Last mission to repair the Hubble telescope Hubble space telescope discoveries have enriched our understanding of the cosmos. In this special report, you will see facts about the Hubble space telescope, discoveries it has made and what the last mission's goals are.
For their own good
Fifty years ago, they were screwed-up kids sent to the Florida School for Boys to be straightened out. But now they are screwed-up men, scarred by the whippings they endured. Read the story and see a video and portrait gallery.
Fill out this form to email this article to a friend
Season off to early - not bad - start
By CURTIS KRUEGER
Published May 10, 2007
This photo supplied by NASA shows subtropical storm Andrea, the first named storm of the year, off Florida and Georgia's coast.
The first named storm of 2007 is moving toward Florida's east coast three weeks before hurricane season even starts. That raises plenty of questions:
Should we expect a busy hurricane season because Subtropical Storm Andrea formed in early May?
No. Andrea is not a hurricane or even a tropical storm, and it "has absolutely no bearing on what will happen for this particular season, " said Dennis Feltgen, meteorologist and spokesman for the National Hurricane Center. Jeff Masters, a founder of weatherunderground.com, says early-season storms don't help predict the number of hurricanes later.
What is a "subtropical storm?"
It's a hybrid, with some characteristics of tropical storms. One key difference: Andrea's center - the "eye" of the storm - is wider, less defined and cooler than a hurricane's. And it won't generate enough thunderstorm activity to create hurricane-force winds, Masters said. The highest sustained winds were about 45 mph, which is in the range of tropical storms.
Did Andrea help us or hurt us with the thick smoke that blew into the Tampa Bay area earlier this week?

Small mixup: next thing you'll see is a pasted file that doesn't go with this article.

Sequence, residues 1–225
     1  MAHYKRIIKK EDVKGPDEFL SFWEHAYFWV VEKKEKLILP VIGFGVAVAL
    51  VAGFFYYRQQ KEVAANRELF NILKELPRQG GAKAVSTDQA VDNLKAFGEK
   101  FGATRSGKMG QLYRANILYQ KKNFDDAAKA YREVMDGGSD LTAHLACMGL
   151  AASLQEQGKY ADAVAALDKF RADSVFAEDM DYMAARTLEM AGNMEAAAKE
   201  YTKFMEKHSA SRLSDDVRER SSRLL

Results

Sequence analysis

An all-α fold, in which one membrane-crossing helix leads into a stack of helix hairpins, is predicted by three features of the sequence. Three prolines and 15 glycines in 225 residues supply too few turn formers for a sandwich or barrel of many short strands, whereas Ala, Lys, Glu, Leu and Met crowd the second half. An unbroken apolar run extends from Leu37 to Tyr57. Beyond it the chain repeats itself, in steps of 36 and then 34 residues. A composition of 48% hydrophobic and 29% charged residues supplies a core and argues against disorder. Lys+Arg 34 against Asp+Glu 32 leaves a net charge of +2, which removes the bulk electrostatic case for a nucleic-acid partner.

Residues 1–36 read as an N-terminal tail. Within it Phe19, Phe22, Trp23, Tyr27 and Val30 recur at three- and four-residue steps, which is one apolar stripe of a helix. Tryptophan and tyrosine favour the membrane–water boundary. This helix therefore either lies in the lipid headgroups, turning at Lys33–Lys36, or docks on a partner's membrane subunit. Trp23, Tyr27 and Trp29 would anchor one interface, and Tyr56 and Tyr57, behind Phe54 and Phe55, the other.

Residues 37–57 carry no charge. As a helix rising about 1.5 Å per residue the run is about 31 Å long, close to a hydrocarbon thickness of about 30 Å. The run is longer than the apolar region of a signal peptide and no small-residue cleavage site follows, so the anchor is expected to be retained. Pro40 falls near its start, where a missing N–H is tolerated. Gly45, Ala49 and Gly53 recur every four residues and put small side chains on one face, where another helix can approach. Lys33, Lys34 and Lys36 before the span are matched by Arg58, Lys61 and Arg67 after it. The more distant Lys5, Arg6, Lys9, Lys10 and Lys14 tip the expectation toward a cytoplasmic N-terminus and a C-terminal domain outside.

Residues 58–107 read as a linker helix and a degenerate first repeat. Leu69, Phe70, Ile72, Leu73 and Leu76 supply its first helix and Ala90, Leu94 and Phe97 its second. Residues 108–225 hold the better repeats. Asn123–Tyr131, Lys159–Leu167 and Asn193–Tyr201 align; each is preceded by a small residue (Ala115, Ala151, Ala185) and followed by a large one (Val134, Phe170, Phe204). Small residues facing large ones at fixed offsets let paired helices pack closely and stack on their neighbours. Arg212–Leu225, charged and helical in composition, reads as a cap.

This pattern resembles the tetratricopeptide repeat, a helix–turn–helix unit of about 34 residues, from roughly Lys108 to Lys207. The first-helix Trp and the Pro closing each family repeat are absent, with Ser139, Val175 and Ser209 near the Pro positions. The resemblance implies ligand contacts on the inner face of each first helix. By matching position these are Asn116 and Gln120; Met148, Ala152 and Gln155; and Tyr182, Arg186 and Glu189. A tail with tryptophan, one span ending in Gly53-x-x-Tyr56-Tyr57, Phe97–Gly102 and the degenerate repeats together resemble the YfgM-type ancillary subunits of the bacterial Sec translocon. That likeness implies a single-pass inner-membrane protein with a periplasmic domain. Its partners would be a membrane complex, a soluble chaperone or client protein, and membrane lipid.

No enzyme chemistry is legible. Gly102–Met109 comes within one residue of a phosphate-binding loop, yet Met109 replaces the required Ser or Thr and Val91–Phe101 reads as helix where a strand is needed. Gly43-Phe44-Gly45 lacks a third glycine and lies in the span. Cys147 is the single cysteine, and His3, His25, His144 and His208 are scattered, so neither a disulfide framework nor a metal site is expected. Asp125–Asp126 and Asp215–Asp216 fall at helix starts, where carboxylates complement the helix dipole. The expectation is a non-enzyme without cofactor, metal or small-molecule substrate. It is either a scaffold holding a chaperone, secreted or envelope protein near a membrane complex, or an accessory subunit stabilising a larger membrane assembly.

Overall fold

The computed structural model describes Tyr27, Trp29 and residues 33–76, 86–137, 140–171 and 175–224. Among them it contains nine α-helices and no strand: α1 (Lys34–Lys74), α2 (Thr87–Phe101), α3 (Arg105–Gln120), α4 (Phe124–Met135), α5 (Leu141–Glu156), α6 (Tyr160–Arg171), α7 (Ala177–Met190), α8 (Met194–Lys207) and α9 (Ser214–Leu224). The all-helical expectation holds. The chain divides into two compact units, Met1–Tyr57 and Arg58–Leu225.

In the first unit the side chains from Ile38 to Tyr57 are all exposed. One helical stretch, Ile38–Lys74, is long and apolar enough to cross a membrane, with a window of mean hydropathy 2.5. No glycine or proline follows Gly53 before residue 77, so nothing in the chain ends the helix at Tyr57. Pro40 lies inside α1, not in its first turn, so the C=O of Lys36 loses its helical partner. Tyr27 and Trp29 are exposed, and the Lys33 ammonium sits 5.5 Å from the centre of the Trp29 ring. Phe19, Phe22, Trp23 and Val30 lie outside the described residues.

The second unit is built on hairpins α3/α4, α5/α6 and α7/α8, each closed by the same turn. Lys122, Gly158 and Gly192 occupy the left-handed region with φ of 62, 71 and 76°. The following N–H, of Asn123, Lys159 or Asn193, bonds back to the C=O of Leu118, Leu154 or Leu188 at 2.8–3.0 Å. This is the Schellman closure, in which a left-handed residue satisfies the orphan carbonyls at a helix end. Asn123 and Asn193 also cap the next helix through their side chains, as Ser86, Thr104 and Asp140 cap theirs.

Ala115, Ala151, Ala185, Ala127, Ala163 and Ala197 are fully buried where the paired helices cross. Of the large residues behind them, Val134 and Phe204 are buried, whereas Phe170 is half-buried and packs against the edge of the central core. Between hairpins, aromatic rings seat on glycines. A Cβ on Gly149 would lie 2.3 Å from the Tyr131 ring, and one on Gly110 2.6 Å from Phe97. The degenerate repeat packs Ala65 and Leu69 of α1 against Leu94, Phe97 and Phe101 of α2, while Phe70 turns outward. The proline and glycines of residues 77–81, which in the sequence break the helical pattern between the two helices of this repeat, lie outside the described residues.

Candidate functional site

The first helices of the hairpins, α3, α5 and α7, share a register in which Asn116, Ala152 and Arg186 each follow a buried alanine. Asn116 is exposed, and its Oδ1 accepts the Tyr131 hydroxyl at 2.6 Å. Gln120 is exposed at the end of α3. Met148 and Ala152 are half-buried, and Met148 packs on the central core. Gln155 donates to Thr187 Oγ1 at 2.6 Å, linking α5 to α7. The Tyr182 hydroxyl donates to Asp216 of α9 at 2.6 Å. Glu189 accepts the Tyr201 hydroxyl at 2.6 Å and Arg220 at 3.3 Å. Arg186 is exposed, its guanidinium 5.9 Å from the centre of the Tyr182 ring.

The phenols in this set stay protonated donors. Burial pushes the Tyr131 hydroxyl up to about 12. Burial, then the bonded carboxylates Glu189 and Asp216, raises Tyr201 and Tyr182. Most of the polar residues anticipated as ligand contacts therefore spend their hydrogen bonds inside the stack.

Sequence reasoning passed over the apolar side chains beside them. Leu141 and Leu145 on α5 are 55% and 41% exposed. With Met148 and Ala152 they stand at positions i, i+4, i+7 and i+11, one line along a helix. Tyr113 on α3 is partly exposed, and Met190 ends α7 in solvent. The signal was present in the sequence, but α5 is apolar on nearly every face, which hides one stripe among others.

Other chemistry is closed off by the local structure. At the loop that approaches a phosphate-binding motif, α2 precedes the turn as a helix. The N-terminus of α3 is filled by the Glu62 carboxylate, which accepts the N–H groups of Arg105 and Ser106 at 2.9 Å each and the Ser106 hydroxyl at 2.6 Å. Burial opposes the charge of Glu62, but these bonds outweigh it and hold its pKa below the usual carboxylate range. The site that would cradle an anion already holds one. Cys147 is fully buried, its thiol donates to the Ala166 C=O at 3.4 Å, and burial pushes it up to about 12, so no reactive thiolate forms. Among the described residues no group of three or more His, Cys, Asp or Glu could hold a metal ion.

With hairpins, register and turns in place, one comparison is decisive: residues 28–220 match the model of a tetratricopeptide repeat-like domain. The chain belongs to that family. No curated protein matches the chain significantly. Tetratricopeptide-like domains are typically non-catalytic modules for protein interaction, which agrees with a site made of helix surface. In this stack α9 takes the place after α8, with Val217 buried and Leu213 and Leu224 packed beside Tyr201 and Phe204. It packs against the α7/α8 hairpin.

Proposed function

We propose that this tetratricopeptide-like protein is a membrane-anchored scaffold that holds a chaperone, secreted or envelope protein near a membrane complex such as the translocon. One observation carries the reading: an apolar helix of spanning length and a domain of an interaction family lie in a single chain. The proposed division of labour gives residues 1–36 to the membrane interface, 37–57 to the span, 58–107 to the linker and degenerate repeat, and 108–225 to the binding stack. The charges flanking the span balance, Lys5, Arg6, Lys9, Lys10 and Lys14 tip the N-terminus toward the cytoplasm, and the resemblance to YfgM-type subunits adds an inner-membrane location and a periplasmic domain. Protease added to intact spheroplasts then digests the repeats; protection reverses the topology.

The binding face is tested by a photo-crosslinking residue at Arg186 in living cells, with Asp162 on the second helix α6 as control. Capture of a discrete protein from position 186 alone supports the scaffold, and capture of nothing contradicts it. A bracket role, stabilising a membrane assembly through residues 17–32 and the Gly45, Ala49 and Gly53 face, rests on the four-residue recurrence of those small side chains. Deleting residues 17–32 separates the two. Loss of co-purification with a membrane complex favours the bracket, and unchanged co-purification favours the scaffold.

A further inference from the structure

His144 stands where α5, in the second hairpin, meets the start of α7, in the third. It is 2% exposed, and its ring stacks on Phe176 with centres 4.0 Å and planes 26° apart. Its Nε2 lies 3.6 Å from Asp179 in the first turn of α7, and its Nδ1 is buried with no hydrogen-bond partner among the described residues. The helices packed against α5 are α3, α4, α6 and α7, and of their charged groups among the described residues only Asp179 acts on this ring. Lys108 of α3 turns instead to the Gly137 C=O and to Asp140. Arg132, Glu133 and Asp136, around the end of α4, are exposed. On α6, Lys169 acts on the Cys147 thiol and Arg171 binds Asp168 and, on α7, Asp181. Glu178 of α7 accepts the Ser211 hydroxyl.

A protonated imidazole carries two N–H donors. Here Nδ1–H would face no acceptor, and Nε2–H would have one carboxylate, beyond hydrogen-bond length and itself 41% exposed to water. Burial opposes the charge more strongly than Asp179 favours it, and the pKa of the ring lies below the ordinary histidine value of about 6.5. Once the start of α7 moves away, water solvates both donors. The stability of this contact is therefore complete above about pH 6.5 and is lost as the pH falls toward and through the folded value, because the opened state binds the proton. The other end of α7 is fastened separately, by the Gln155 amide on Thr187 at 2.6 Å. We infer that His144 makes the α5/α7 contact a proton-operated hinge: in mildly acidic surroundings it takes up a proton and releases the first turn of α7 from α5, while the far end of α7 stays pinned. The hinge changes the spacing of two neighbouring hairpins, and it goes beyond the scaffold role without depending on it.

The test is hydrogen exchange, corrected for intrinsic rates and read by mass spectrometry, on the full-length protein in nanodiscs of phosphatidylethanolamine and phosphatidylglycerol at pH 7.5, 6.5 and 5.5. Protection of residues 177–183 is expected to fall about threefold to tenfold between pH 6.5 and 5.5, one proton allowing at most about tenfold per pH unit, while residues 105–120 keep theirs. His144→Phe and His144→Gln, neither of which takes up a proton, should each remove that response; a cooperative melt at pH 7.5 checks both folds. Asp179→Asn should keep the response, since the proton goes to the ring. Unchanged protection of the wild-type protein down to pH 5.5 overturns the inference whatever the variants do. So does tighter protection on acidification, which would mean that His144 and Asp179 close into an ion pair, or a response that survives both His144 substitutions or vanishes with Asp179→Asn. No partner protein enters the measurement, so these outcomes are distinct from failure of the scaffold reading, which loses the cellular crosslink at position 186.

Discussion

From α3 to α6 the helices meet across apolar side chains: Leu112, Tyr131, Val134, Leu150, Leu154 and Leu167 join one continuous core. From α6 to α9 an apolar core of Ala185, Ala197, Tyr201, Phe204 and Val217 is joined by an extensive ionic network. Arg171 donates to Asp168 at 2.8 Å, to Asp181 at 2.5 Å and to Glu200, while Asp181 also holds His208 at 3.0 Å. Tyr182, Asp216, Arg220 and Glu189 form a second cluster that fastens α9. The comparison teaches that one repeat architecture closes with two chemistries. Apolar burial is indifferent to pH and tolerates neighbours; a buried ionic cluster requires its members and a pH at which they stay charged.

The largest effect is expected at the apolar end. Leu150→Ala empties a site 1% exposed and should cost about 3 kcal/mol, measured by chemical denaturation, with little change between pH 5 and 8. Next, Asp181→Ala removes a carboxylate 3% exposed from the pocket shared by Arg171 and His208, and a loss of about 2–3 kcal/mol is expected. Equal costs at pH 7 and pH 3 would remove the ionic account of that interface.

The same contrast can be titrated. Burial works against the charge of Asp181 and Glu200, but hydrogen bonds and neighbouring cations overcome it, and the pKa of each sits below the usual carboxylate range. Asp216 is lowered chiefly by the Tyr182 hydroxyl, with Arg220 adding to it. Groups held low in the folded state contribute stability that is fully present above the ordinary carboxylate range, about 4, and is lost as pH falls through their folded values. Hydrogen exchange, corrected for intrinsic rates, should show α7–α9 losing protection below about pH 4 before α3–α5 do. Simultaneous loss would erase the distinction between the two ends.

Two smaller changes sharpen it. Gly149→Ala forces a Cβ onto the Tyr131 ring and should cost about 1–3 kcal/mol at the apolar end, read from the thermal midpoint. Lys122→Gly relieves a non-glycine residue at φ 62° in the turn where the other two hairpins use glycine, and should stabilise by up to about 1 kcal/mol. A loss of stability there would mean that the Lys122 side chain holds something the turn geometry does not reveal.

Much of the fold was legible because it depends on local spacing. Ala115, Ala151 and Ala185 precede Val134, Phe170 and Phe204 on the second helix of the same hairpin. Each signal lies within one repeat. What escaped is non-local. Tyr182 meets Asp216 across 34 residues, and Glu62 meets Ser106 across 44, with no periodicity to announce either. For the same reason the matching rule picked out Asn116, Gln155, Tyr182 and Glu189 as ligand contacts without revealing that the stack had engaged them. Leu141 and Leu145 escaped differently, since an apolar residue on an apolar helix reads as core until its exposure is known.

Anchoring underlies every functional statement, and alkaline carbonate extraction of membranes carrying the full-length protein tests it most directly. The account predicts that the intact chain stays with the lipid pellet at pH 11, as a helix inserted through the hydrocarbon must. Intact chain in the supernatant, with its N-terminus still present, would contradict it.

Both. On Tuesday morning, winds from the north carried smoke all the way from wildfires along the Georgia border and North Florida to the bay area. Andrea was too far away to interfere. On Wednesday, Andrea moved closer to Florida and disrupted that pattern, so winds crossed the state from west to east.
Could rain from this storm douse the wildfires?
Gov. Charlie Crist hopes so. "We need to continue to pray for rain, that's very helpful for Florida, " he said. "And hopefully, Andrea will help us." But forecasters aren't so sure. It's not generating a lot of rain and is expected to drop less than half an inch in most coastal areas, according to the hurricane center.
How will Andrea affect the wildfires?
The rain will help some, but winds could actually spread some of the fires.
What is the forecast for Andrea?
The Hurricane Center says there is a weakening trend, and the storm is expected to fizzle along the coast within about three days.
Is Florida's east coast bracing for major damage?
No. "Andrea is a weak system right now. We do not expect any major headaches from it, " said the Hurricane Center's Feltgen.
Since Andrea's early appearance doesn't indicate a busy hurricane season, can we relax about hurricane season?
Not at all. Early forecasts call for a busy season with as many as 17 named storms including nine hurricanes. The Hurricane Center will issue its predictions on May 22 for hurricane season, which runs June 1 to Nov. 30.
Times staff writer Jennifer Liberto contributed to this report, which used information from the Associated Press.